Since then, headphones have found their way into numerous industries and occupations. The first combination of headphones and microphone were the headsets made famous by switchboard operators. They were also favored by aircraft pilots in the armed forces. As the first headsets were bulky and required switchboard operators to exercise their necks in order to operate them, cries of making them lightweight spread.

The 1990s brought cell phones, and progress in the industry enabled headsets to become light enough for everyday use, and allowed for hands-free use of telephones. Modern advancements brought Bluetooth technology to headsets, the invention of the earbud, and an increase in ergonomic design to reduce listener's fatigue.

How Do Earbuds with Mics Work?

In order to provide the increased functionality of earbuds with mics, there are a couple of design elements manufacturers must consider in to their products.

Both speakers and mics operate on electrical circuits. In a basic circuit, current flows from a power source to the device, and then from the device back to the power source. This is considered a complete circuit. If the device is switched off, the circuit cannot be completed, and the device will not function as intended. When the device is switched on, current flows from the device back to the power source, and the device begins to function.

Diaphragms in microphones are very thin pieces of a material like paper, aluminum, or plastic, which are placed near the coil.

In headphones, this electrical signal must be turned into a sound. To do this, speakers contain electromagnets and use a process called induction. Induction is how current itself is produced as it moves through a magnetic field. According to Faraday's law of induction, it is the interaction between a magnetic field and an electrical circuit which creates the current in the field. In a speaker, this current then oscillates a small diaphragm within the speaker itself. As this diaphragm oscillates, it translates these movements into sound waves, which reach our eardrums as the music, audiobooks, podcasts, and speeches that we know and love.

The microphones in earbuds with mics are another form of transducer. As one might think, the process works much in reverse. A microphone works to translate incoming audio waves into input that can be understood by electronic devices. In order to do this, the microphone relies on a similar diaphragm to the speaker. Diaphragms in microphones are very thin pieces of a material like paper, aluminum, or plastic, which are placed near the coil. When it is hit by sound waves, this diaphragm vibrates in turn. This vibration causes similar movements in the coil, which then converts the audio into an electrical signal to be sent through a cable and into whichever device it is plugged into.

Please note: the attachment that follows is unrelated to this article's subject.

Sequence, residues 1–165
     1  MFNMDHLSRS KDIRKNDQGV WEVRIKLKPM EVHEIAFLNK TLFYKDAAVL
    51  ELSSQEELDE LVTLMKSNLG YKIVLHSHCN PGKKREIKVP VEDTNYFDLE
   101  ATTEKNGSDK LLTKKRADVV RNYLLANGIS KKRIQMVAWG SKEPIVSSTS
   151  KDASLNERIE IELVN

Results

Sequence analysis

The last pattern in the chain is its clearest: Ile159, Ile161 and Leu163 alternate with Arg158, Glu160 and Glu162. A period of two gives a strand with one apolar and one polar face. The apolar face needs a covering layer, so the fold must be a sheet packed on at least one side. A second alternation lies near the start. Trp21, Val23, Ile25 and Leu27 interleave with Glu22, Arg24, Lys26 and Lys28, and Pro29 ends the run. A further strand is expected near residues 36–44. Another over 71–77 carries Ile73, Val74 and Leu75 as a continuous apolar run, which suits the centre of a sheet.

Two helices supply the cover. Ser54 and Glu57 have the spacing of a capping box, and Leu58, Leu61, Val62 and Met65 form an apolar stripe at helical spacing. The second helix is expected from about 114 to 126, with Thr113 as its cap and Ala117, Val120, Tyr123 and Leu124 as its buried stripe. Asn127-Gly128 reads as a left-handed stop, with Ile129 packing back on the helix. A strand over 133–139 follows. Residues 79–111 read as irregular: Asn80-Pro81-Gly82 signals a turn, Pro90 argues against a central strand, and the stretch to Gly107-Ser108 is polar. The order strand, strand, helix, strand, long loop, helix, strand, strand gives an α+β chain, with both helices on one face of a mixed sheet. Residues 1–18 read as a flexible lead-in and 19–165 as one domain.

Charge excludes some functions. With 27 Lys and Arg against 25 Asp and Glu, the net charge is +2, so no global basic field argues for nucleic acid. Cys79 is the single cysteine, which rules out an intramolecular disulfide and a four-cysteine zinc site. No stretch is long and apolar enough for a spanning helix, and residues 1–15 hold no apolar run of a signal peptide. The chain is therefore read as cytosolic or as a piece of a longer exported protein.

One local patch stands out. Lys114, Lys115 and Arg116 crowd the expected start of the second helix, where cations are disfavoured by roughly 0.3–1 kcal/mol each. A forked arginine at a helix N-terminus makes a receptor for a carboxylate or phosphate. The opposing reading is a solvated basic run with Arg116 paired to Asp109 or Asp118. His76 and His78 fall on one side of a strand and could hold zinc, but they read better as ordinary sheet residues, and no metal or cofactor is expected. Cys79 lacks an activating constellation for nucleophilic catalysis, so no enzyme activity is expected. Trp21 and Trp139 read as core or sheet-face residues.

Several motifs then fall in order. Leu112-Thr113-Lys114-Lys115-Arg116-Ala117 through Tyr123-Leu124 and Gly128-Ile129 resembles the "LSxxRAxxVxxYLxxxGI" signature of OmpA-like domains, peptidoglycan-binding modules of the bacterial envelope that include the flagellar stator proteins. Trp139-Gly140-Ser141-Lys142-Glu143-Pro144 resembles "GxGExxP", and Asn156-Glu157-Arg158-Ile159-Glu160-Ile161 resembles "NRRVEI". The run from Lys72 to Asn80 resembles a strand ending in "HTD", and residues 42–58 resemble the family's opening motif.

In order to safely add the mic signal to the mix in earbuds with mics, changes in the the 3.5 mm jack are often made. At the input end of the headphone cable, most headphones contain 2 rings. The tip of the jack provides signal to the left ear, the first ring provides signal to the right ear, and the second ring is for electrical grounding. When the mic is included, a third ring must be added before the grounding ring to signal that the mic is attached. Combined, these factors make headphones with mics intricate yet simple wonders in the audio world.

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Chase Brush
Last updated on October 09, 2018 by Chase Brush

Chase is a writer and freelance reporter with experience covering a wide range of subjects, from politics to technology. At Ezvid Wiki, he applies his journalistic expertise to a similarly diverse assortment of products, but he tends to focus on travel and adventure gear, drawing his knowledge from a lifetime spent outdoors. He’s an avid biker, hiker, climber, skier, and budget backpacker -- basically, anything that allows him a reprieve from his keyboard. His most recent rovings took him to Peru, where he trekked throughout the Cordillera Blanca. Chase holds a bachelor's in philosophy from Rutgers University in New Jersey (where he's from), and is working toward a master's at the Craig Newmark Graduate School of Journalism in New York City (where he now lives).